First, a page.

Spain on Friday fired Catalonia’s regional government, dissolved the Catalan parliament and called a snap election in the region for December 21, Reuters reports.
The move came hours after the parliament of Catalonia declared independence, leading the Spanish government to impose direct rule over the region, stripping the region of its autonomy.
Spanish Prime Minister Mariano Rajoy called for calm and said the rule of law would be restored in Catalonia, as crowd of more than 2,000 independence supporters gathered in the Ciutadella Park outside the regional parliament in Barcelona, shouting "Liberty" in Catalan and singing traditional songs as the independence vote went through.
The motion passed in the parliament after a debate from advocates and opponents of independence said Catalonia constituted an independent, sovereign and social democratic state.
Catalan leader Carles Puigdemont left the chamber to shouts of "President!" and mayors who had come from outlying areas brandished their ceremonial batons and sang the Catalan anthem "Els Segadors" (The Reapers).
"Catalonia is and will be a land of freedom. In times of difficulty and in times of celebration. Now more than ever", Puigdemont was quoted as having said on Twitter.
Within an hour after the vote, the upper house of Spain's parliament in Madrid authorized Rajoy's government to rule Catalonia directly -- an unprecedented move in Spain since the return of democracy in the late 1970s.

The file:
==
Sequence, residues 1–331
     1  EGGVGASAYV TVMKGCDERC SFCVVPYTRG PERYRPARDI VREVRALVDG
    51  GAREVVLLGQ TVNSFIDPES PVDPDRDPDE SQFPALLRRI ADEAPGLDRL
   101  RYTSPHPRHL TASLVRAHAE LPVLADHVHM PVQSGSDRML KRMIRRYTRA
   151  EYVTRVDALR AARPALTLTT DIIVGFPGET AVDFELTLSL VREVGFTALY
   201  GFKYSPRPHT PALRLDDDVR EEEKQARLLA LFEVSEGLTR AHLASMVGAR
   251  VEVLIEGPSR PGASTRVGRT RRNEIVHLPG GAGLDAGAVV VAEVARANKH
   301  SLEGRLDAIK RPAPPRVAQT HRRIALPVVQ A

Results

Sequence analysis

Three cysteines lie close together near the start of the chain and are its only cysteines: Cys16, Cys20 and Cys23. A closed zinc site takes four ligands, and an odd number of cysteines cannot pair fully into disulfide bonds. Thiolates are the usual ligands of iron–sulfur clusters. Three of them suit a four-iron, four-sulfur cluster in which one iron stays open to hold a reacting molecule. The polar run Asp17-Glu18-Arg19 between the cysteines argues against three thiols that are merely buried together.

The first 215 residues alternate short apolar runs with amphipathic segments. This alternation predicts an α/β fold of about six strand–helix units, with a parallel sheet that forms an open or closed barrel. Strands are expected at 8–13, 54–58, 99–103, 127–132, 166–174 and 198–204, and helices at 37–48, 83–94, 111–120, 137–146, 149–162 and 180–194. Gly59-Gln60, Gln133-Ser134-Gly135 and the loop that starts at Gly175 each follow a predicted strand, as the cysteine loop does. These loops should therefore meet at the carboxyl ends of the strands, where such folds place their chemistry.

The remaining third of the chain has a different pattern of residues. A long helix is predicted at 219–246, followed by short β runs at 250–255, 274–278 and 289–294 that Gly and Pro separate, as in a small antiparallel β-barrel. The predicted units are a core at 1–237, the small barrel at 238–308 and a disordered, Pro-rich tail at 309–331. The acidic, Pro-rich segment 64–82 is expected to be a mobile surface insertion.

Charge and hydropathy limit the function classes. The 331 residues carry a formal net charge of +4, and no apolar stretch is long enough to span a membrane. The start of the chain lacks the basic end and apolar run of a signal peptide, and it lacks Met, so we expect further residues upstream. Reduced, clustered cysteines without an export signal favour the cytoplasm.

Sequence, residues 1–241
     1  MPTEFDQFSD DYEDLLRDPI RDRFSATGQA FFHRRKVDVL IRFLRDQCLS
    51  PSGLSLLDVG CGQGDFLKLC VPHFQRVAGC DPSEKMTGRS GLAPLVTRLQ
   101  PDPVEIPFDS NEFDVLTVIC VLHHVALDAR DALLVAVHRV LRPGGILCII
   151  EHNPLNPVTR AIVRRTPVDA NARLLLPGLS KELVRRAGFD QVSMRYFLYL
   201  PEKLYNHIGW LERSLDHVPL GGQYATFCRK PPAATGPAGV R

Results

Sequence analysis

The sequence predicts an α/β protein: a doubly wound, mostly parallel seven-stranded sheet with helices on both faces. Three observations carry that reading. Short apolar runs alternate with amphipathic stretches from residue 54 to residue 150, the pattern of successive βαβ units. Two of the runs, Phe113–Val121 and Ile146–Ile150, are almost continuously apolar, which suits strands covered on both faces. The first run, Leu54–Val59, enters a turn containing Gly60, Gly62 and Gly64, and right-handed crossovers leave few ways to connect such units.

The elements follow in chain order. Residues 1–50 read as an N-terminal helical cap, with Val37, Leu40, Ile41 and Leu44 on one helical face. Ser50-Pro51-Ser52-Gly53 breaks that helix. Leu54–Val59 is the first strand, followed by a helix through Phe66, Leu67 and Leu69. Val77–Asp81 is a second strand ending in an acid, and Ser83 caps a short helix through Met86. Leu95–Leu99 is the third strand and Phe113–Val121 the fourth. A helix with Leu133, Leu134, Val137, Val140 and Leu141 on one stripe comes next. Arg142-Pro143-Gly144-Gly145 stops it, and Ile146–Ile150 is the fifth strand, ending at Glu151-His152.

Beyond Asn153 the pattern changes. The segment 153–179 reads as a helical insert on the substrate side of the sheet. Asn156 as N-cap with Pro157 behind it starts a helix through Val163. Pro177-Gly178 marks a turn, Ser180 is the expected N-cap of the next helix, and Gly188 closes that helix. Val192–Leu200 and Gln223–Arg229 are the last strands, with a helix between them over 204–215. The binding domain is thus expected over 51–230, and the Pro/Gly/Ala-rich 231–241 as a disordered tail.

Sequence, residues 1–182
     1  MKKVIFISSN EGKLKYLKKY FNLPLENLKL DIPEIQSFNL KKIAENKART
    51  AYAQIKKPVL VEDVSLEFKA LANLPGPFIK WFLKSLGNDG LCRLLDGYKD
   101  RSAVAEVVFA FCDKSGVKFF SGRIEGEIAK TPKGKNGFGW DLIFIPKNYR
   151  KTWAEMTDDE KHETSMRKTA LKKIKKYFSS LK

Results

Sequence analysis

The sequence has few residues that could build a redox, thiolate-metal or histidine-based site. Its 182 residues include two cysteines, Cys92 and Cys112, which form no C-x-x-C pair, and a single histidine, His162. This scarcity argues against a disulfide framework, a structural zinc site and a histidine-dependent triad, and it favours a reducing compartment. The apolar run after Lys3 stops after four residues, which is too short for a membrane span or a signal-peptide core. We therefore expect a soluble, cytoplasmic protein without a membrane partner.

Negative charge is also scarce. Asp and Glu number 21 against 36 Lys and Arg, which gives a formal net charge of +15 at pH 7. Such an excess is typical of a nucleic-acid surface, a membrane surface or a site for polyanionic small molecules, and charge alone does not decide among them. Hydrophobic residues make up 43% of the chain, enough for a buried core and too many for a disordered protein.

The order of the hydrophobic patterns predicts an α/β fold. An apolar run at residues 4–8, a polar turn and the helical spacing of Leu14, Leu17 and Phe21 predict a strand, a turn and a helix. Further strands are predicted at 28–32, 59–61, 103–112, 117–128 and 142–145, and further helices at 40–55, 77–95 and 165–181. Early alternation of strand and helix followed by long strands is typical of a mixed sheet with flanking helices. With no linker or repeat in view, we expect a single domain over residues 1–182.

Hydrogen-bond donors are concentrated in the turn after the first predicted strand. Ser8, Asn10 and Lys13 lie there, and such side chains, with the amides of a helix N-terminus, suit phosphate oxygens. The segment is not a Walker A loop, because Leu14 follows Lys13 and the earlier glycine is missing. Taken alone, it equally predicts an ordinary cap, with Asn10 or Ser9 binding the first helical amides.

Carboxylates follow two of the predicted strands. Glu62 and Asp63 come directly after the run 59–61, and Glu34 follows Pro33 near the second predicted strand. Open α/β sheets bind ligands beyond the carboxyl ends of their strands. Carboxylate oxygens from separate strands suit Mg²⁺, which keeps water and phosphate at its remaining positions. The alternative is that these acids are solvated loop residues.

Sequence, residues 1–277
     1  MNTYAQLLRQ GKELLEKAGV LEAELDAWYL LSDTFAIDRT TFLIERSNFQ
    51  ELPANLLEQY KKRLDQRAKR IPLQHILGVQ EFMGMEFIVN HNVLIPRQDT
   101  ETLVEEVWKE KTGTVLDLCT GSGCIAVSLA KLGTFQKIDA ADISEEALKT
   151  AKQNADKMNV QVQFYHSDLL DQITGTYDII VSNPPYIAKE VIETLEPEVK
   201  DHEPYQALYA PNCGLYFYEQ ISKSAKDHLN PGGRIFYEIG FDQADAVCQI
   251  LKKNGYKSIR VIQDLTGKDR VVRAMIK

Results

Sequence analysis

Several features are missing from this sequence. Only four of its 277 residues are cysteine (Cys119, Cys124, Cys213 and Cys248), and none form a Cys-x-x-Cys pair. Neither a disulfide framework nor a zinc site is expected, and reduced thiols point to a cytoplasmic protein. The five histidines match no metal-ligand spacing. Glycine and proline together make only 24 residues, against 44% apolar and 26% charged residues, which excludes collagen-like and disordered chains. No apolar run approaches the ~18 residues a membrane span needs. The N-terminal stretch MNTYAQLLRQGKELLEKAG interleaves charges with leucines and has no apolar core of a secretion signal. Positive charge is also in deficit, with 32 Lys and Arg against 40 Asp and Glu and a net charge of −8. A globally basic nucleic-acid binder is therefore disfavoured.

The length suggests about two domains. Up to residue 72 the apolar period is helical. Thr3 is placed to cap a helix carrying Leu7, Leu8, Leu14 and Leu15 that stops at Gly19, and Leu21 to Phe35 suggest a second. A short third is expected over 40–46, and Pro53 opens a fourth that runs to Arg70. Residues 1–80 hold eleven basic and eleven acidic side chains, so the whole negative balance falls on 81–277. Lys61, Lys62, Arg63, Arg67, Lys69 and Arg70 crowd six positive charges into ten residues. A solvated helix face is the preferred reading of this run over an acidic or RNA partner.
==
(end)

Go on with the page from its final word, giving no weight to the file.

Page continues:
In Brussels, the president of the European Council, Donald Tusk, said the independence vote changed nothing and the EU would only deal with the central government.
The United States, Britain, France and Germany also swiftly dismissed the declaration and expressed support for Rajoy's efforts to keep Spain united.
Meanwhile, reported Reuters, Rajoy's cabinet was meeting on Friday evening to adopt the first measures to govern Catalonia. This could include firing the Barcelona government and assuming direct supervision of Catalan police forces.
The crisis between the Catalan government and the Spanish government unfolded after Catalonia held an independence referendum on October 1.
Although it endorsed independence, the referendum drew only a 43 percent turnout as Catalans who oppose independence largely boycotted it.
The Spanish government said the referendum was illegal and attempted to prevent the vote from taking place. Nearly 500 people were wounded in clashes with police on the day of the vote.
(Arutz Sheva’s North American desk is keeping you updated until the start of Shabbat in New York. The time posted automatically on all Arutz Sheva articles, however, is Israeli time.)